Elizabeth Taylor likened the situation to a dog obeying its owner [ouch]. Swedish feminist Barbro Backberger’s take was that it illustrated the submissive attitude of some women to their partners: “The roles are old and ingrained,” was how she summed it up. Hjördis’ resentment was also old and ingrained.
A recent BBC Timeshift documentary (about the rise of Bingo in the UK in the 1960’s, of all things) struck a chord, with the statement: “We forget how un-liberated women were”. This was illustrated by a shockingly docile vox-pop from the time: “My husband’s the boss. Because he’s the boss I have to ask his consent to go out…”
It has to be remembered that Hjördis and David were people of their time/s, although “docile” is not really a term that could be used to describe her attitude.
No visits to Harvard
Speaking to Swedish women’s magazine Året Runt in 1966, David said:
“I want my daughters to grow up to be like my wife. I like the Scandinavians’ way of thinking and reacting. They are so open and obvious. If my wife raises Kristina and Fiona to be like her, I couldn’t be happier.” Hmm. Anyway, what he said next sounds a lot more familiar:
“If my two girls want to be actresses, I will to try to stop them. Why? Because I’ve seen too much. If you’re lucky enough to be at the top, it’s a wonderful life, but if not, it’s terrible, because when you finally realise you’re not going to reach your goal, it’s generally too late to do anything else.”
In the same interview, David was asked if his boys had turned out as hoped.
“Yes, they actually have. David is now self-sufficient and a very successful artists’ agent. He speaks Italian and French and is only twenty-two years old. Jamie is at Harvard University studying economics. I hope he will be ready soon, then he will be able to take care of my business!”
In 2020 Jamie spoke about his father, for a Partnership to end addiction podcast titled ‘Jamie Niven on Growing Up as a Hollywood Kid and Putting Down the Bottle as an Adult’. (The podcast is as blunt as its title, and well worth a listen)
“I have this great friend, Sherry Lansing, who was not only the head of Paramount, but also the head of Fox. I had a cup of coffee with her, about a year ago, before the pandemic started. And I said to her, ‘Why do you think it is that he never came to see me when I was at Harvard?’ And she said, ‘After all these years, you haven’t figured it out?’ And I said, ‘What do you mean?’ She said, ‘Because he was a narcissist, and narcissists can’t tolerate the success of the other around them.'”
“It’s too bad I didn’t have that under wraps when I was about 18, it took until about 73.”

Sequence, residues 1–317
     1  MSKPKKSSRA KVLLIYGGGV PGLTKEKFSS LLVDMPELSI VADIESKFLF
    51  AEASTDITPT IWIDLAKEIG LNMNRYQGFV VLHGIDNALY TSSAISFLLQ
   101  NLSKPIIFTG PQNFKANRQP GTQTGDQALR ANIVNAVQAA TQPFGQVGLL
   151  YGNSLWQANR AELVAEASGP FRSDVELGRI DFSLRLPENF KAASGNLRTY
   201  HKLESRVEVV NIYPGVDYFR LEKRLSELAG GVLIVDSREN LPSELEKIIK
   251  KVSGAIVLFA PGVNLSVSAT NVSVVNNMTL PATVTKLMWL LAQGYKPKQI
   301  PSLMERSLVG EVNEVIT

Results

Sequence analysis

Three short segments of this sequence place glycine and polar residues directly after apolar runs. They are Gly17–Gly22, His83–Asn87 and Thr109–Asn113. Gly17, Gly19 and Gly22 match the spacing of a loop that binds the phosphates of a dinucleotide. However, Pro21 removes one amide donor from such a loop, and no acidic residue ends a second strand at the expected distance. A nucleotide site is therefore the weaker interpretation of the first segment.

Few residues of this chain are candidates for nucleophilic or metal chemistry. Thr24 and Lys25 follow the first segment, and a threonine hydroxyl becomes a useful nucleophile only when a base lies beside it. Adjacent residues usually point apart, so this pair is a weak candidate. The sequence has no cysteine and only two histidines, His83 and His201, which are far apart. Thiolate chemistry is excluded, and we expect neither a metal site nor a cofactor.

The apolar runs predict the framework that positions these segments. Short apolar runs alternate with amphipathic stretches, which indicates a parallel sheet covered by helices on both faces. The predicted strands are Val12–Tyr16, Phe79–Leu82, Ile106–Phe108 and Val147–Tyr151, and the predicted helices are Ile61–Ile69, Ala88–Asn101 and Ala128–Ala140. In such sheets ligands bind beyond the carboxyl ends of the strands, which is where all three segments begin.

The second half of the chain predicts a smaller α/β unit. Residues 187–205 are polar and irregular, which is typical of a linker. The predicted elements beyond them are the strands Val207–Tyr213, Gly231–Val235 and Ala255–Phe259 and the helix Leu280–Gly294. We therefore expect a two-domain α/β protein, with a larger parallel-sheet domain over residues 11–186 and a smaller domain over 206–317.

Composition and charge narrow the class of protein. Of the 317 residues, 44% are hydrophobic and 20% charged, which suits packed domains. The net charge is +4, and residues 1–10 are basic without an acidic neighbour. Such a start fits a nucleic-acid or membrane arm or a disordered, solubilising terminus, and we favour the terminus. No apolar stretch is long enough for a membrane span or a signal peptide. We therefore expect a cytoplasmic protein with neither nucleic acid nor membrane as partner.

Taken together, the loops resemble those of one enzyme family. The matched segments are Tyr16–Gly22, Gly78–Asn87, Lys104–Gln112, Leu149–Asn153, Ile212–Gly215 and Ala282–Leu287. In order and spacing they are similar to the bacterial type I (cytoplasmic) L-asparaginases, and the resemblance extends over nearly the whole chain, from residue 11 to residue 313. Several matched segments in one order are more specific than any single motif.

Hjördis was not mentioned in Jamie’s podcast, although there were areas in his life story in which she could and should played a more positive part. Instead, there was a void, that sadly lead to Jamie struggling with alcoholism from the age of fifteen (1960) through to sixty-five.
Interviewer Elizabeth Vargas suggested that the overwhelming memory of Jamie’s younger days was one of loneliness.
“And I think it’s very simple to explain why,” Jamie replied. “My mother died when I was six months old, and I think that’s in a nutshell, right there. John Cheever wrote once that the inescapable fact is that his mother died when he was young, and that lingered with him his entire life. I think that when I see my daughter with her son, for example, and the hugging and the holding and all that good stuff. Yeah, you don’t get that. And therefore, you do come out, at the end of the day, you have to say yourself, you’re pretty lonely.”
“There was some tremendous privileges, don’t get me wrong. Of course there were marvelous moments, and plenty of them, by the way. But it was that under gut thing about always feeling lonely.”
“I think the fact that, that incredible void, it’s one you may not understand. You may not get it for a long time that this happened to you, and this is why you are this way, or this is why you’re sad or whatever it is. But for him (David Jr), and for me, it was the same because whether you’re a two or you’re six months, it makes no difference. You don’t have any memory at all. I’m sure that had a lot to do with the progression of that loneliness and how you sort of staunched it by drinking.”
When Pat Buckley became friendly with the Nivens, she became aware of the emptiness in Jamie’s relationship with his unwilling stepmother. She decided to step in as a mother figure:
“I remember I was talking to (Pat) on the phone, and she was telling me I couldn’t do this and I couldn’t do that,” Jamie told Vanity Fair.
“I said, ‘You know, you’re not my mother. You can’t talk to me like that.'”